|Tent Exhibits||Credits & Thanks||Sponsors|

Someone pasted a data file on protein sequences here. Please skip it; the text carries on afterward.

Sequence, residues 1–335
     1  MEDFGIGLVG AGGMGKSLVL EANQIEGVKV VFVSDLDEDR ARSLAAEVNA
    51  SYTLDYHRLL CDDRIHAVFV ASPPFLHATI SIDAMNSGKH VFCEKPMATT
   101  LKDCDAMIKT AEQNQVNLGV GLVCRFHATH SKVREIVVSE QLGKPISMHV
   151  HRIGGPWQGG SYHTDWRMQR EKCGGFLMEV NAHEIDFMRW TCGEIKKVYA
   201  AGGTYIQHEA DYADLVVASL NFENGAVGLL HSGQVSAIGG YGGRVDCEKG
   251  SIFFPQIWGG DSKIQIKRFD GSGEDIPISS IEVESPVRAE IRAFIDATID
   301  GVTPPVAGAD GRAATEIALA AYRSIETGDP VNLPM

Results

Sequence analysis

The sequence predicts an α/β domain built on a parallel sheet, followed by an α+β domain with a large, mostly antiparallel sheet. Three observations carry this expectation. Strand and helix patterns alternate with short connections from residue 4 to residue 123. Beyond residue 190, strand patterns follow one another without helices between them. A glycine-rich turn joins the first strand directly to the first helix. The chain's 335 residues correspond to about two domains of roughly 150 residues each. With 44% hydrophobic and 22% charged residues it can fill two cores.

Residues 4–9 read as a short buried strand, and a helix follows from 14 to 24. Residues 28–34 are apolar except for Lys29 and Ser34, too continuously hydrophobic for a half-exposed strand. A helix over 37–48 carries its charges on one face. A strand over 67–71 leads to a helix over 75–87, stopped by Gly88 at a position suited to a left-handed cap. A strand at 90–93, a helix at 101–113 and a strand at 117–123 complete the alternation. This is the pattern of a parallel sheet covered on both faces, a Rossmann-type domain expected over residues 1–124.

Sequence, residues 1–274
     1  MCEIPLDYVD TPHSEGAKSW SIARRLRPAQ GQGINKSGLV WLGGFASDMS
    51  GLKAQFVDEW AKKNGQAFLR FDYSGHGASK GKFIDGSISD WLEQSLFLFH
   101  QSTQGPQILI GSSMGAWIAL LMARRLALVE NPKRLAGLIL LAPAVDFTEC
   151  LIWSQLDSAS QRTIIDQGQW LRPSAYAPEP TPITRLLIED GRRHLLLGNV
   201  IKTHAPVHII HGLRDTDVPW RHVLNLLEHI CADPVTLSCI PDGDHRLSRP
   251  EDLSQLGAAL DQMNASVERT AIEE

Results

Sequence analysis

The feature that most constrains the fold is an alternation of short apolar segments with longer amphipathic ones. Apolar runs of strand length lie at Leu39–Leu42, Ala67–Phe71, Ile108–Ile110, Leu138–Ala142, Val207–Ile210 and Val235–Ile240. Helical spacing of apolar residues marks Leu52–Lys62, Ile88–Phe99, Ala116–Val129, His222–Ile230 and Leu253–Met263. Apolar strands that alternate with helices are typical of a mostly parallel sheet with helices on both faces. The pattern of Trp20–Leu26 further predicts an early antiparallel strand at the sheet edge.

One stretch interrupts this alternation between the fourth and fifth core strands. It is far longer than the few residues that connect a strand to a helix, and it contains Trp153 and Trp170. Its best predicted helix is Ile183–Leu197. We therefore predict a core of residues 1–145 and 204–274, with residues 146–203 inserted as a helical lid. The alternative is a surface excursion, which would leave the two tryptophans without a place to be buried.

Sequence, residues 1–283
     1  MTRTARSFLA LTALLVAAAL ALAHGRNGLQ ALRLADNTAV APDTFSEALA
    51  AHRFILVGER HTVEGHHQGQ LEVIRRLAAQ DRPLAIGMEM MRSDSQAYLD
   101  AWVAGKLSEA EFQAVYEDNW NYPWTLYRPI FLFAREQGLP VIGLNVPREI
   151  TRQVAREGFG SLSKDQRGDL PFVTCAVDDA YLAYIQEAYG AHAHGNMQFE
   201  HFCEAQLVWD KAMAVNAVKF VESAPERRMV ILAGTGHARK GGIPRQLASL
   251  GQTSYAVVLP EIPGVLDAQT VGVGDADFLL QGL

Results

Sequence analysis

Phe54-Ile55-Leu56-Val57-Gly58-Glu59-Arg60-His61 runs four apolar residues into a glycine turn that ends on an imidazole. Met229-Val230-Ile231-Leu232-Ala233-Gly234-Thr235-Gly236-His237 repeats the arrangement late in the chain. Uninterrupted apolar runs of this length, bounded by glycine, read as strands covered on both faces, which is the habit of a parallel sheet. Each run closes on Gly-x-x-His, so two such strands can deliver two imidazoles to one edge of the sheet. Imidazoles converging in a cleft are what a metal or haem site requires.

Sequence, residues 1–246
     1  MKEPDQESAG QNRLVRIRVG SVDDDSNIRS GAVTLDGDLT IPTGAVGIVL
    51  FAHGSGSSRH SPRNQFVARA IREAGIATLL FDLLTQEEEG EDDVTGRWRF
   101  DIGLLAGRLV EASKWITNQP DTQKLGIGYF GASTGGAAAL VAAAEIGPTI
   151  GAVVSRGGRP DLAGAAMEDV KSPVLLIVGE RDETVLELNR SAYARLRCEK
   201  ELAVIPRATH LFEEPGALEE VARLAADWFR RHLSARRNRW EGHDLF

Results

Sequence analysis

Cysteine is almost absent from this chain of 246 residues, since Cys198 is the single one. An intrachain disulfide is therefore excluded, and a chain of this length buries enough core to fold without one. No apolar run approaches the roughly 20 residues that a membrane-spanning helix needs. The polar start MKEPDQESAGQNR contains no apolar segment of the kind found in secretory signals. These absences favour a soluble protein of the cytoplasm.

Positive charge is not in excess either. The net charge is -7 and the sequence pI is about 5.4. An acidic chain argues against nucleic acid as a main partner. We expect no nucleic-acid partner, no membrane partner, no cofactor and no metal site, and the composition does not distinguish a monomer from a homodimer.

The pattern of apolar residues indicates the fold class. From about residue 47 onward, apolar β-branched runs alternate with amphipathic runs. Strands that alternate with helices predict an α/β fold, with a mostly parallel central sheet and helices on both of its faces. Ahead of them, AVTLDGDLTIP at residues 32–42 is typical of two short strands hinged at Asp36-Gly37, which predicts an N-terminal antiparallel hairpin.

The Western corn rootworm is the major insect pest of corn in Illinois. One way to manage WCR is to improve the host plant resistance of corn. In contrast to monogenic resistances, such as the Bt resistance, non-transgenic host plant resistances are generally governed by multiple genes and are, therefore, much more stable and does not require a Bt management system. Long term selection approaches are likely to improve this complex character. In 2004 a recurrent selection program was initiated to broaden the genetic basis for WCR resistance by incorporating tropical and subtropical maize germplasm with proven high levels of insect resistance. Expected output of this selection program are corn cultivars with improved non-transgenic WCR resistance that will serve as a source for improving the level of WCR resistance in elite maize germplasm and for identifying the genes that are involved in the inheritance of the non-transgenic host plant resistance of maize against WCR. The use of exotic maize germplasm with improved WCR resistance will broaden the narrow genetic base of WCR resistance in adapted maize germplasm. In addition, potential new resistance mechanisms against WCR can be identified. The breeding procedure is depicted in Figure 1. Diverse maize germplasm will be screened for its level of WCR resistance. The use of this breeding procedure will ensure that different resistance mechanism present in the selected corn sources germplasm will be combined and will secure a steady selection response from cycle to cycle by efficiently using the genetic variability for WCR resistance present in the base population.